Initially, I’d encourage students to think back to their childhood and how exciting it was to get new pencils or new crayons, perhaps at the start of a new school year. Pencils and crayons in the hands of a child hold potential for worlds of possibilities. Most children are eager to pick up pencils, crayons. or markers to draw, without thinking about if their drawings look “good enough.”
Children draw spontaneously and often whimsically and dramatically. A flower can be as big as a house, a horse as small as a mouse, and a dragon can fill an entire sheet of paper while a person in the picture is not even one inch tall. Some childhood drawings are simple, while others are quite elaborate. Children draw for fun and to express ideas. Anything is possible in the drawings of young children.
Typically, young children don’t judge their creations. The inner critic doesn’t usually emerge until about fourth grade, when children become more self-conscious, and research has shown that there is a creativity slump at this point. Think of how teachers might help counter this slump if they themselves let go of that inner critic, freeing their minds and their drawing hands to express their creative ideas.
So, after discussing children’s drawings and different approaches for illustrating ideas, I’d then ask the graduate students to engage in a sketching warm-up activity. I’d hand out a page of circles or parallel lines and ask the class to use these circles or lines as the starting point to make as many different things that they could think of.
Further, the visual prompts could be developed to make a story. I would encourage the students to add details to their first images to make their drawings more elaborate and more interesting and to show a part of what the story might be. Some of the designs for the circles included a place setting with food for a special meal, a snowman with a hat and carrot nose, a futuristic car with a space alien driving it, the face of a wizard with a pointed hat, and a person riding a unicycle. The last direction I would give was to create an interesting title to go with their story designs.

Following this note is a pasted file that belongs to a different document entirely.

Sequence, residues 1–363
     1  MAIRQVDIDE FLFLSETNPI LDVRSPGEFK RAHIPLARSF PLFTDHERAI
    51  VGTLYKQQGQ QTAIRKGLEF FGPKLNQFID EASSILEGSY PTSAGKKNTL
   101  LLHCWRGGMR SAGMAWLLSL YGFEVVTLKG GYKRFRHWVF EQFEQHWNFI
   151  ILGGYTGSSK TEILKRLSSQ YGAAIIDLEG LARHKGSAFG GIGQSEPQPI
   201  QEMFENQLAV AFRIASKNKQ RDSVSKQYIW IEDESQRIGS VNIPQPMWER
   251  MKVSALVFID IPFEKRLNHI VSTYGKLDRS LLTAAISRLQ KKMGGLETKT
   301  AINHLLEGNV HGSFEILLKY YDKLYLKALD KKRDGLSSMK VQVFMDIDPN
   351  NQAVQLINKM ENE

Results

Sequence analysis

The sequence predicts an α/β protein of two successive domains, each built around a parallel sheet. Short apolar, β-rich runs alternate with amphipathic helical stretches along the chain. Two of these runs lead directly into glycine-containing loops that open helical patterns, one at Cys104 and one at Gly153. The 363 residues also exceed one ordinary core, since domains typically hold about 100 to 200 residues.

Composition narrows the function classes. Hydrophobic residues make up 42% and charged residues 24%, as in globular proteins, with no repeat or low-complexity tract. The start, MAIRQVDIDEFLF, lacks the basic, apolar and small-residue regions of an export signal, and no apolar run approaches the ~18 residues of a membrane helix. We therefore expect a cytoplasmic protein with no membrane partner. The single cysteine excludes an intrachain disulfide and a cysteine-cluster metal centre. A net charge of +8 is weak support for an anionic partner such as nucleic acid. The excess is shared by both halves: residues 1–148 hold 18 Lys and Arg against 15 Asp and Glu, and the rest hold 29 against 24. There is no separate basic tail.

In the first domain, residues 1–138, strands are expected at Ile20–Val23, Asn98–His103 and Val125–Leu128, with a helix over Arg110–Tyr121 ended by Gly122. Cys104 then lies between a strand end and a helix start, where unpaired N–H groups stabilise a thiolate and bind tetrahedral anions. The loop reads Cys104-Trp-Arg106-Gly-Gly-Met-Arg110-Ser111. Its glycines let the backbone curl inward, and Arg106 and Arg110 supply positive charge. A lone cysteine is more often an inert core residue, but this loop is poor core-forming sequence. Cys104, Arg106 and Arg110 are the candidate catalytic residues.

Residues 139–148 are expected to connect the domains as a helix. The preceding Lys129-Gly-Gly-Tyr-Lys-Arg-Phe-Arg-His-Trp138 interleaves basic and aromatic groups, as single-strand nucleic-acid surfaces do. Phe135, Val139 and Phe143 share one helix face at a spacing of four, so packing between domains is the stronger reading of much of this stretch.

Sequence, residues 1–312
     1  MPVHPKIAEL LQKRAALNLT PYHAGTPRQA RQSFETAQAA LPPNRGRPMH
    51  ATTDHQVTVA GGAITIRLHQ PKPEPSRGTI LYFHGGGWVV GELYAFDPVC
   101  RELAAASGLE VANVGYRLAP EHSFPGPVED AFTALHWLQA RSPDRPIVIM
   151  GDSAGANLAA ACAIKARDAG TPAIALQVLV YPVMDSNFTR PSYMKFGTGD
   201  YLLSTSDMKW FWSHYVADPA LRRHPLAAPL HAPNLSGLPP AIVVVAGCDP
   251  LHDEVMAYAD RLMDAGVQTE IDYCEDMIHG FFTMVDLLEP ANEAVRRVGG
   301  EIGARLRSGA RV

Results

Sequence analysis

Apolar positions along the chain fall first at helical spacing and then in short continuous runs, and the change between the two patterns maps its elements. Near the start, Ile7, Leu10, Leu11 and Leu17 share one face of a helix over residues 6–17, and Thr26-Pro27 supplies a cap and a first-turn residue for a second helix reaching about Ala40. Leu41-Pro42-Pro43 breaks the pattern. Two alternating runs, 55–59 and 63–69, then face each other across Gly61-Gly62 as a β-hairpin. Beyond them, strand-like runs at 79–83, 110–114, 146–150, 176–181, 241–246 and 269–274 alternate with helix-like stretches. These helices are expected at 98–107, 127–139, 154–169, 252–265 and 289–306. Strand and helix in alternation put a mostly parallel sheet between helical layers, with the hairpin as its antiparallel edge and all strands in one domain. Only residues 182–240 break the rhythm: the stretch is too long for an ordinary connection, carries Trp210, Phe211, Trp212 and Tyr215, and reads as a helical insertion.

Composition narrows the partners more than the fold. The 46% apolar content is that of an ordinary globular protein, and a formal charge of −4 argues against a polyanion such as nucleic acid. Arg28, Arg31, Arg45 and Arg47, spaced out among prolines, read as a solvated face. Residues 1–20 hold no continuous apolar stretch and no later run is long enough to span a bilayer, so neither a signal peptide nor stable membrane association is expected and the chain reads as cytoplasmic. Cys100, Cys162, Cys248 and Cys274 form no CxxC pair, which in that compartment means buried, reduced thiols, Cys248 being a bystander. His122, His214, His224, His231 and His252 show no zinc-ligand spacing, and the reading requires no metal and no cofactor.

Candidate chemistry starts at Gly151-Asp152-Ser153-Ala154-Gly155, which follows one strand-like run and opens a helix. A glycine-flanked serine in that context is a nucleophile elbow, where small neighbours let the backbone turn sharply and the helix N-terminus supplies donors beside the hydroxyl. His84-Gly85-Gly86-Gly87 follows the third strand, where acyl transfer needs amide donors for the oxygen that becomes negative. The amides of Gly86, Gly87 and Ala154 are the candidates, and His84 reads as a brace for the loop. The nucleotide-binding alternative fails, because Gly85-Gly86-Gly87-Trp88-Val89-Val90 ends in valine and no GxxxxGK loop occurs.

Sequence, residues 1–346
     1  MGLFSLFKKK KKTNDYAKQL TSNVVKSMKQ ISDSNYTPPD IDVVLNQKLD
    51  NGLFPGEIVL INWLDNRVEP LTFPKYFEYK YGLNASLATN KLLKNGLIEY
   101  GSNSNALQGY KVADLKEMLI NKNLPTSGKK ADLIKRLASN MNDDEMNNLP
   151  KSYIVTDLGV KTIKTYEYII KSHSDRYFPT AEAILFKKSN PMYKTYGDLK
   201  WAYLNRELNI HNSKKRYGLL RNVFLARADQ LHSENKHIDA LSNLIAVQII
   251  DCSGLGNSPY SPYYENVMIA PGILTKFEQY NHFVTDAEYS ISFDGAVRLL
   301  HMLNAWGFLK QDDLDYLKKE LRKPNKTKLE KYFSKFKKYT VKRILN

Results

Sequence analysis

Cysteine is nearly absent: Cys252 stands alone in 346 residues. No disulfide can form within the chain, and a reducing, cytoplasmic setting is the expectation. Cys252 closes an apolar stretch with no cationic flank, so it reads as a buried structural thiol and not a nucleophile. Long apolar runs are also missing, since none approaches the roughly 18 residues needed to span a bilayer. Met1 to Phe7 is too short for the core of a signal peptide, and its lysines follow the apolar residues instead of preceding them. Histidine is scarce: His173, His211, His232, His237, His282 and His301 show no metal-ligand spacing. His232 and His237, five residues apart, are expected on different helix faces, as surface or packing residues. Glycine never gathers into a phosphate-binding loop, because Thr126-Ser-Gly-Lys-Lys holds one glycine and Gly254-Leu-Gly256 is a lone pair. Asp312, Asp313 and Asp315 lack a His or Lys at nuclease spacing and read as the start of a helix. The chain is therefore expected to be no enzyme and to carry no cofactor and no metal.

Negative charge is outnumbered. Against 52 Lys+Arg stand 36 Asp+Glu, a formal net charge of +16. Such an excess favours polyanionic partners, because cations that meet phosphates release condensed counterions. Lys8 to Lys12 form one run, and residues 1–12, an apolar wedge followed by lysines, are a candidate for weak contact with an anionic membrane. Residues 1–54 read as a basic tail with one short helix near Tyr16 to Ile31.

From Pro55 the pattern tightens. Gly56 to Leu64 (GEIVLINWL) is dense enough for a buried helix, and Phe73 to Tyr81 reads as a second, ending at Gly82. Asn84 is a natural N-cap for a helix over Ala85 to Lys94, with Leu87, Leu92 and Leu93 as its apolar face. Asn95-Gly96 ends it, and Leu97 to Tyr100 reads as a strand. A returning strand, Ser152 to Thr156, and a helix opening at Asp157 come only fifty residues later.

We’d then share our designs with a partner or in a small group and discuss them. I would encourage students to look at each other’s designs with an eye for the ideas depicted and not to critique each other’s work for artistic ability. It is not necessary to have artistic ability to make use of doodles and simple drawings to express the ideas one imagines! Next we’d discuss how simple sketching ideas can be used with children in elementary and middle school to support their creativity and to provide another way to depict what they imagine.
What Can I Draw? A List of Creative Drawing Prompts
Over many years of working with both children and adults, I’ve collected dozens of creative prompts and drawing ideas. Here are twenty-five of them. I hope these will inspire you to doodle, draw, design, create, and write stories with children in your life, in the classroom and at home. Let the imagination, creativity, and learning flourish—and enjoy!
- An octopus’s birthday party
- A fancy butterfly
- A new invention
- Clothes on a clothesline
- A vase full of flowers
- A mother and baby anteater
- Life in the year 2999
- A parade of different bugs
- People who can fly
- The floorplan of your bedroom
- An illustration for a story or graphic novel
- Friendly monsters
- Your hands
- 100 cats—all different
- How music sounds
- A design for a new playground
- How you felt at a happy time or a sad time
- A bouncy dog
- A shy dog
- An underwater city
- A dragonfly
- A fairy godmother or godfather
- You as a creative superhero!
Dr. Susan Daniels is a professor, an author, a consultant, and an educational director of a psychoeducational center that specializes in the needs of gifted, creative, and twice-exceptional children. She has been a professional development specialist for over 20 years, regularly providing workshops and training on creativity and visual learning and teaching. Susan is an avid doodler who enjoys working visually in her journals, and she is dedicated to supporting teachers’ development of visual literacy and enhanced understanding of visual learning and teaching strategies. She lives in Berkeley, California.
Susan is the author of Visual Learning and Teaching: An Essential Guide for Educators K–8.